Unfortunately we do know it's a power limit issue, not a voltage limit issue. With a 150W TDP and power up to (theoretically) 225W (8 pin + PCI) we know we're at the max it can draw. Another way to look at it is with the power limit set to the max (112% I believe) that puts us at 168 Watts. There was a review done on a German (I believe) site that tested which 1080s were the best (http://www.overclock.net/t/1604713/cb-gtx-1080-which-partner-card-is-the-best) and you see they all say they were hitting the power limit. What someone else said earlier in the thread about increasing their voltage actually LOWERING their clocks has been echoed by many reviewers and users as well (myself included). What we need is a way to unlock the power limit so the card has ample power to draw. We've seen for the last few generations of NVIDIA cards now that adding more voltage does not increase clocks much, but custom BIOS that have allowed for increased power limit (such as skyn3t on the 980TI) have given more headroom.
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post #19 of 63
Quote:
Originally Posted by PhantomTaco View Post

Unfortunately we do know it's a power limit issue, not a voltage limit issue. With a 150W TDP and power up to (theoretically) 225W (8 pin + PCI) we know we're at the max it can draw. Another way to look at it is with the power limit set to the max (112% I believe) that puts us at 168 Watts. There was a review done on a German (I believe) site that tested which 1080s were the best (http://www.overclock.net/t/1604713/cb-gtx-1080-which-partner-card-is-the-best) and you see they all say they were hitting the power limit. What someone else said earlier in the thread about increasing their voltage actually LOWERING their clocks has been echoed by many reviewers and users as well (myself included). What we need is a way to unlock the power limit so the card has ample power to draw. We've seen for the last few generations of NVIDIA cards now that adding more voltage does not increase clocks much, but custom BIOS that have allowed for increased power limit (such as skyn3t on the 980TI) have given more headroom.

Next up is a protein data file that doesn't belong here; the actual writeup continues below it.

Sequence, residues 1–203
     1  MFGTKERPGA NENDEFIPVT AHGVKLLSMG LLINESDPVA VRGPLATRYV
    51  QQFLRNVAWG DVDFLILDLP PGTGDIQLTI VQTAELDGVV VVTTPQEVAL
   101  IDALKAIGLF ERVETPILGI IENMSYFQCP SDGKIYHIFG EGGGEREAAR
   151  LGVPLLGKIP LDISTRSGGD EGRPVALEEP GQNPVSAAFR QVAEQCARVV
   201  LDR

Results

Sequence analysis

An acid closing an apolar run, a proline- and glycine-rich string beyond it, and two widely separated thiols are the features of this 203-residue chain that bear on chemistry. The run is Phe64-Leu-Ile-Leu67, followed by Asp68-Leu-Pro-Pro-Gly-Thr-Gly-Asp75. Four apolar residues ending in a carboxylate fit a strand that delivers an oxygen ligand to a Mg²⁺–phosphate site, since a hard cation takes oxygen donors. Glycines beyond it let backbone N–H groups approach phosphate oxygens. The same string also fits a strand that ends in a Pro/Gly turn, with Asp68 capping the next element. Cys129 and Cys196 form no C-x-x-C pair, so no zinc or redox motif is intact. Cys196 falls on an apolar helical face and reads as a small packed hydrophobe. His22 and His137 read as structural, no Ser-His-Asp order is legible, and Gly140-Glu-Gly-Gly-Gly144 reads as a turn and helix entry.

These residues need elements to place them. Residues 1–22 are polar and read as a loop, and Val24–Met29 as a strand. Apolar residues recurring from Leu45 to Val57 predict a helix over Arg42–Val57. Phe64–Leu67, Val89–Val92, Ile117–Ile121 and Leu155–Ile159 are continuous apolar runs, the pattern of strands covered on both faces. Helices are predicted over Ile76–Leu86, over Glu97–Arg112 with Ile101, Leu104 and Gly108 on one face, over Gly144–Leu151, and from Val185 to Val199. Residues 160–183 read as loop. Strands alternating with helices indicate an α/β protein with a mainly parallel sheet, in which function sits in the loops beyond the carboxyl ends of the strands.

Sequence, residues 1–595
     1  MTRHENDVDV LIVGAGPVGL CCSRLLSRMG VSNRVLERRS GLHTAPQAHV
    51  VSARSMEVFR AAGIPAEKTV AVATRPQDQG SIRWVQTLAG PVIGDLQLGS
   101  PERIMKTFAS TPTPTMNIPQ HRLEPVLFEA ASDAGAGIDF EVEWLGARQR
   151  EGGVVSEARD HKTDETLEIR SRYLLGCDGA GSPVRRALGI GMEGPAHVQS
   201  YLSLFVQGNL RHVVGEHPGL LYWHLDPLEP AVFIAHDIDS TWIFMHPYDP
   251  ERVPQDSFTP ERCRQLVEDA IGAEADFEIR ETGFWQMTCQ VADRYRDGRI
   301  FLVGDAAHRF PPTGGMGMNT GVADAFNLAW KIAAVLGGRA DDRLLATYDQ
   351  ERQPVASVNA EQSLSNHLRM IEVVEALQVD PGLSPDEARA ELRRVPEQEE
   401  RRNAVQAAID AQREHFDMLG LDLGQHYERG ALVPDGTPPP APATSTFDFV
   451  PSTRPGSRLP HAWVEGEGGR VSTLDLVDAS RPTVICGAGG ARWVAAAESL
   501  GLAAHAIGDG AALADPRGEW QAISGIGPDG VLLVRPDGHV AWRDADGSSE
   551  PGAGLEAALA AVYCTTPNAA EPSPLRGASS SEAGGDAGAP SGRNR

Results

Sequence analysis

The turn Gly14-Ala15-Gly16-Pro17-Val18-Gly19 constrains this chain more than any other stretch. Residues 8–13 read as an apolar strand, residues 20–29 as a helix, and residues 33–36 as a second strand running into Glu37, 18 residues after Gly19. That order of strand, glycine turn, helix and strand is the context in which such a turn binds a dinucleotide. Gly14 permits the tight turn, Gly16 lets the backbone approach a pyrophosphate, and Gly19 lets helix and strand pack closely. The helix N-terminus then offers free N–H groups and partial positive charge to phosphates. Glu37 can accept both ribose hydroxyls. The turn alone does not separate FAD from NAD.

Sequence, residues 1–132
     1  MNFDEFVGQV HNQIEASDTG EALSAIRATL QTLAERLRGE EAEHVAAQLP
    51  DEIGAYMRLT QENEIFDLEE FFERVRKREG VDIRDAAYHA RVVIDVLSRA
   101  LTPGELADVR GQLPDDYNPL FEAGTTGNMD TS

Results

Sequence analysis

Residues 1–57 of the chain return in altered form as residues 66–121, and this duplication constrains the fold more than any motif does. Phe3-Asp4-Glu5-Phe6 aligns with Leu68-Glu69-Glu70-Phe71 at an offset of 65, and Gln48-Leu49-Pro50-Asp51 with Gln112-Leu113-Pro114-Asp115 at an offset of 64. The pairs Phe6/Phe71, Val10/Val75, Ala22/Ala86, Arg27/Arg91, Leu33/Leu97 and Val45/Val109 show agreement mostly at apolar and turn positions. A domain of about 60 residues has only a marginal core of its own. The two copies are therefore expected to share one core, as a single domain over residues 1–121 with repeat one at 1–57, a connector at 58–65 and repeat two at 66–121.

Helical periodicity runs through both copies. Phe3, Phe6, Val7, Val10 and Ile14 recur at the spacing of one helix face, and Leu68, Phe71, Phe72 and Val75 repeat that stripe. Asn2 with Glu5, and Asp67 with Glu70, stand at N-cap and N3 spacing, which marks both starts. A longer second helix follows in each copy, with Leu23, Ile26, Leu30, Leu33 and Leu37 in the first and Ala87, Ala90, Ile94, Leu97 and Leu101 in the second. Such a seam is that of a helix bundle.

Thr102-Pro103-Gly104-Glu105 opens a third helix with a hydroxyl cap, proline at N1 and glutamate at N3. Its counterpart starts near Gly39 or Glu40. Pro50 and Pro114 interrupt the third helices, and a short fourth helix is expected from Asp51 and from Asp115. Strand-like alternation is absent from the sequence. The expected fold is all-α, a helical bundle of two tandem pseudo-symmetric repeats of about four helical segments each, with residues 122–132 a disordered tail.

Yup; I've seen anecdotal posts about this, with the GTX 1070s on just a single 8-pin hitting TDP limits as well *and* lower voltages leading to higher sustained boosts. Very peculiar.

http://www.overclock.net/t/1601546/official-nvidia-gtx-1070-owners-club/900_30#post_25348183
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post #20 of 63
Quote:
Originally Posted by PhantomTaco View Post

Unfortunately we do know it's a power limit issue, not a voltage limit issue. With a 150W TDP and power up to (theoretically) 225W (8 pin + PCI) we know we're at the max it can draw. Another way to look at it is with the power limit set to the max (112% I believe) that puts us at 168 Watts. There was a review done on a German (I believe) site that tested which 1080s were the best (http://www.overclock.net/t/1604713/cb-gtx-1080-which-partner-card-is-the-best) and you see they all say they were hitting the power limit. What someone else said earlier in the thread about increasing their voltage actually LOWERING their clocks has been echoed by many reviewers and users as well (myself included). What we need is a way to unlock the power limit so the card has ample power to draw. We've seen for the last few generations of NVIDIA cards now that adding more voltage does not increase clocks much, but custom BIOS that have allowed for increased power limit (such as skyn3t on the 980TI) have given more headroom.
I don't understand why it is power issue.
150W TDP is much lower than 225W (8 pin + PCI). Even max power limit 112%(168W) is still considerably lower than 225W.
As for the German review post, I literally search through all pages for the word "power" and none of them are mentioning power limit.